For more information on how to use Google Analytics to boost your media kit, don’t forget to check our workshop on Creating Your Media Kit – and our full list of workshops.
If you have been hovering around our job board for a while, you probably know what a media kit is. If not, do not despair, I am here to help. A media kit is a document you put together that gives prospective blog sponsors everything they need to know about sponsorship with you.
Ideally, a media kit should list a variety of things, such as your blog’s topics, statistics, collaboration options, and more. It is essential for making a good impression and landing more (and higher paying) blog sponsors. Even when you are just starting out, you should make sure you follow some simple steps to make your media kit effective.
A media kit is an opportunity to show off the best of your blog: your personality, your style, and what makes you unique.
Even when you are just starting out, you can still spotlight a few important stats about your blog. These include:
- Page views per month (from Google Analytics)
- Average page views (in the last three months)
- Unique visitors per month
- Reader demographics (which usually you can guess depending on who you think your ideal reader is)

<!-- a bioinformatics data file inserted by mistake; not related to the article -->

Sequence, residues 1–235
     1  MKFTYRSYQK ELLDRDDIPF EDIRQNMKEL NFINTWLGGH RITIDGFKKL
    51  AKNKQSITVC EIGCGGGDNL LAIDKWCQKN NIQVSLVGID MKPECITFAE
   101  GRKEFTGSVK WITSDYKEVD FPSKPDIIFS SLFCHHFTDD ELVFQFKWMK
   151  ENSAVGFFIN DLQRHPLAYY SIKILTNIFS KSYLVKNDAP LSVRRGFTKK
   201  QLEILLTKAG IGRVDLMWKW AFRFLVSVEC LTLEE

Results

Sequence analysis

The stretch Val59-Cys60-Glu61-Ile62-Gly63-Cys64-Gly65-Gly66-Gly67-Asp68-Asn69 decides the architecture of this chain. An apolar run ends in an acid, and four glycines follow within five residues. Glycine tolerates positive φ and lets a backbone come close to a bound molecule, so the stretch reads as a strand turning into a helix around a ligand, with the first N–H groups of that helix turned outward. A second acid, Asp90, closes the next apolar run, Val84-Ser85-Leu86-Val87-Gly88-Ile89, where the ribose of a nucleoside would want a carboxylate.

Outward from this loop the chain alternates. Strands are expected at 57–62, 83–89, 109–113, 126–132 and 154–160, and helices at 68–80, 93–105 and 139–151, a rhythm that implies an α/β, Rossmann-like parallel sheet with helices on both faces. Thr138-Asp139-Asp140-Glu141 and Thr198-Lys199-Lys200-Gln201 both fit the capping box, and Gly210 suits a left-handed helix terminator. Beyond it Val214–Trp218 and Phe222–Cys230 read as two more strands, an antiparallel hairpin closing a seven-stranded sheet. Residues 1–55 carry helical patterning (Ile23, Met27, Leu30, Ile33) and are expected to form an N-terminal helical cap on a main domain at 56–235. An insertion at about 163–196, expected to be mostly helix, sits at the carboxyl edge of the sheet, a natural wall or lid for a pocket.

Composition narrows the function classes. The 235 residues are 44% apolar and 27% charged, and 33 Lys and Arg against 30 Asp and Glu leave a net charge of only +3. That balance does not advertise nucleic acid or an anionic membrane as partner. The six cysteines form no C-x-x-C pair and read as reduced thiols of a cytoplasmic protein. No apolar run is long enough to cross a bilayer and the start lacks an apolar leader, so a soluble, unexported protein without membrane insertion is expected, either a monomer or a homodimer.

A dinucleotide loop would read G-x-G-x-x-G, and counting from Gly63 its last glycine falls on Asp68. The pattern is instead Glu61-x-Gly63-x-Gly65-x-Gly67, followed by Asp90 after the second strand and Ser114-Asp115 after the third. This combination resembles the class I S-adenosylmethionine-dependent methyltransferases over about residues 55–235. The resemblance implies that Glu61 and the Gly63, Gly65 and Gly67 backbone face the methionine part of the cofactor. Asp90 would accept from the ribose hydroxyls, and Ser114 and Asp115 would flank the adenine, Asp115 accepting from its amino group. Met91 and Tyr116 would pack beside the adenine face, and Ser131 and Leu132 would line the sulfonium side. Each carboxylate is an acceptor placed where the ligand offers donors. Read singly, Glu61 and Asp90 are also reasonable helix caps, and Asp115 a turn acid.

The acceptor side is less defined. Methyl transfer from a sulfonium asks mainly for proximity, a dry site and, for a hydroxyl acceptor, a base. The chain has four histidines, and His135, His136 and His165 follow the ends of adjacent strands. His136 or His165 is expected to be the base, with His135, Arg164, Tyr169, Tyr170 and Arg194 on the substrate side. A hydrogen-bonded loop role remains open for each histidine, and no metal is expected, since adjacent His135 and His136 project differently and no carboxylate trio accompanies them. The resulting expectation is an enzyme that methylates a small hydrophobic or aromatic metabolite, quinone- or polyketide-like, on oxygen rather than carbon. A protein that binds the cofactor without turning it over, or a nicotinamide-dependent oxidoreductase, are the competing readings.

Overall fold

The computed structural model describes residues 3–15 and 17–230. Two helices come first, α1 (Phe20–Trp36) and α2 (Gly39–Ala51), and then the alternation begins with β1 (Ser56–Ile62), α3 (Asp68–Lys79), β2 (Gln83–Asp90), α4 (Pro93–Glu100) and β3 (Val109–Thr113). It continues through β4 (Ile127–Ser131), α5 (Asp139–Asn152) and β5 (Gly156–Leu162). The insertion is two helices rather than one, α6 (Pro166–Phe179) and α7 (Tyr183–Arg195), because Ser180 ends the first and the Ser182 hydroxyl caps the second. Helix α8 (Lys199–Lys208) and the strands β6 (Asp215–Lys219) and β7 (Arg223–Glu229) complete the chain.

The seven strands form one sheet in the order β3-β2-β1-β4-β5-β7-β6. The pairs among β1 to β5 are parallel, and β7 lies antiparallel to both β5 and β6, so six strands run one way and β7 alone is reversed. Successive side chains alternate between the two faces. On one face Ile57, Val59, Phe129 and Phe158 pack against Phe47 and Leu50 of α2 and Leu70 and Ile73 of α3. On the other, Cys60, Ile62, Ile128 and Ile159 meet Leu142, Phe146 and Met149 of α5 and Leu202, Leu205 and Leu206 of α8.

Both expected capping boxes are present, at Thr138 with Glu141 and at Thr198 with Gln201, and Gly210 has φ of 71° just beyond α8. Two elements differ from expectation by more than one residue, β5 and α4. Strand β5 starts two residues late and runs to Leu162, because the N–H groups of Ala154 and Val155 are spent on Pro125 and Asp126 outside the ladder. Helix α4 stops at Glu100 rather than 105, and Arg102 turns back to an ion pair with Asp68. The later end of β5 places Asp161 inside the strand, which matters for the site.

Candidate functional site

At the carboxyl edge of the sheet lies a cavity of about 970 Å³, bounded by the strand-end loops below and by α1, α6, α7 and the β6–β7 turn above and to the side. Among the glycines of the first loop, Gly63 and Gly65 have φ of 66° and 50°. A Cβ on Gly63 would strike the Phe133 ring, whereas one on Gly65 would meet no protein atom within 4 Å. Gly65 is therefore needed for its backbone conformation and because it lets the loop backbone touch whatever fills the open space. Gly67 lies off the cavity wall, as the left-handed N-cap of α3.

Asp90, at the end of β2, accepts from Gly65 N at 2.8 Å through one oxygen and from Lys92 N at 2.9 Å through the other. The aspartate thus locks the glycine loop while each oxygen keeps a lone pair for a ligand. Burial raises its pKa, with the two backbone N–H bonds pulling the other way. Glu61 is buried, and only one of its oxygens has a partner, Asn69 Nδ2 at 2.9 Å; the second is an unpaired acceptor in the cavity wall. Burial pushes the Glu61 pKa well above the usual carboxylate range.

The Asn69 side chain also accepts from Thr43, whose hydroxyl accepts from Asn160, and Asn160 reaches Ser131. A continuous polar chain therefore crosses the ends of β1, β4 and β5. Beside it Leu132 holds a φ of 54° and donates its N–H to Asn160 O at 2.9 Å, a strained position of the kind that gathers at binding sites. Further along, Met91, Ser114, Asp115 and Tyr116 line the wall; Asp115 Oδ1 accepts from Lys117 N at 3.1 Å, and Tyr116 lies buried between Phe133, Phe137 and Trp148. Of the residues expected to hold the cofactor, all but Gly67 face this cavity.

- Subscribers: Instagram, Mailing list, Facebook, Twitter, Pinterest, etc.
Even when keeping it simple, you want to make sure your media kit includes a great introduction that makes it clear to people about what they can expect from your blog. Remember to discuss the theme, the main topics and give an overall idea of people you have worked with before to see if you are a good match.
Make sure you have some service ideas
It’s really important to come up with a few ideas of ways you can offer your expertise. Most bloggers start with sponsored posts, so that may be the best way to go about it.
If you don’t have a lot of traffic, make sure that you sell what you do offer. You may do more than the agreement asks for, or be willing to go above and beyond in other ways. Maybe you will create a video in your post, where “bigger” bloggers would just include the review in a larger post.
Specify the ‘red tape’
The ‘red tape’ translates as the “terms” of your sponsorship, and it includes your prices, but also an idea for your blog sponsors of what they’ll be getting out of the deal. Think about review policies, breakdown of social promotion and time-frame for the project to be delivered.
Once you have clarified your terms, give your potential blog sponsors their next steps. How should they get in touch with you? (Most of the times it’s an email address). Make sure you have a clear version of your media kit (one page to start is more than enough) and get started with sending to the masses!